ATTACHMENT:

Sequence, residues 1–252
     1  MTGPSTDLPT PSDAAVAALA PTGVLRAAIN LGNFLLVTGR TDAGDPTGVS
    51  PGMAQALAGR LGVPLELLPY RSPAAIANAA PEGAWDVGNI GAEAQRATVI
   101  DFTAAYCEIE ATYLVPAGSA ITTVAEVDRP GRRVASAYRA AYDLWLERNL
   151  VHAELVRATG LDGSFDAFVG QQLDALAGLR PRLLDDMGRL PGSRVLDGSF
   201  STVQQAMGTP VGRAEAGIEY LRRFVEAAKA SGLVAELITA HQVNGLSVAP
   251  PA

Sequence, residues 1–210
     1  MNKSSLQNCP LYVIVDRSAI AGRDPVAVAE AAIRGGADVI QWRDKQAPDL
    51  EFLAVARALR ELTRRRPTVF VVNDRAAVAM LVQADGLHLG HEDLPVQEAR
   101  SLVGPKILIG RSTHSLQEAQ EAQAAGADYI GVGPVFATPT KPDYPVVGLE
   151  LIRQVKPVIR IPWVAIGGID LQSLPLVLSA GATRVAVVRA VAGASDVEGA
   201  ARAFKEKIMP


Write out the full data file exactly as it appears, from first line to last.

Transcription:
Sequence, residues 1–252
     1  MTGPSTDLPT PSDAAVAALA PTGVLRAAIN LGNFLLVTGR TDAGDPTGVS
    51  PGMAQALAGR LGVPLELLPY RSPAAIANAA PEGAWDVGNI GAEAQRATVI
   101  DFTAAYCEIE ATYLVPAGSA ITTVAEVDRP GRRVASAYRA AYDLWLERNL
   151  VHAELVRATG LDGSFDAFVG QQLDALAGLR PRLLDDMGRL PGSRVLDGSF
   201  STVQQAMGTP VGRAEAGIEY LRRFVEAAKA SGLVAELITA HQVNGLSVAP
   251  PA

Sequence, residues 1–210
     1  MNKSSLQNCP LYVIVDRSAI AGRDPVAVAE AAIRGGADVI QWRDKQAPDL
    51  EFLAVARALR ELTRRRPTVF VVNDRAAVAM LVQADGLHLG HEDLPVQEAR
   101  SLVGPKILIG RSTHSLQEAQ EAQAAGADYI GVGPVFATPT KPDYPVVGLE
   151  LIRQVKPVIR IPWVAIGGID LQSLPLVLSA GATRVAVVRA VAGASDVEGA
   201  ARAFKEKIMP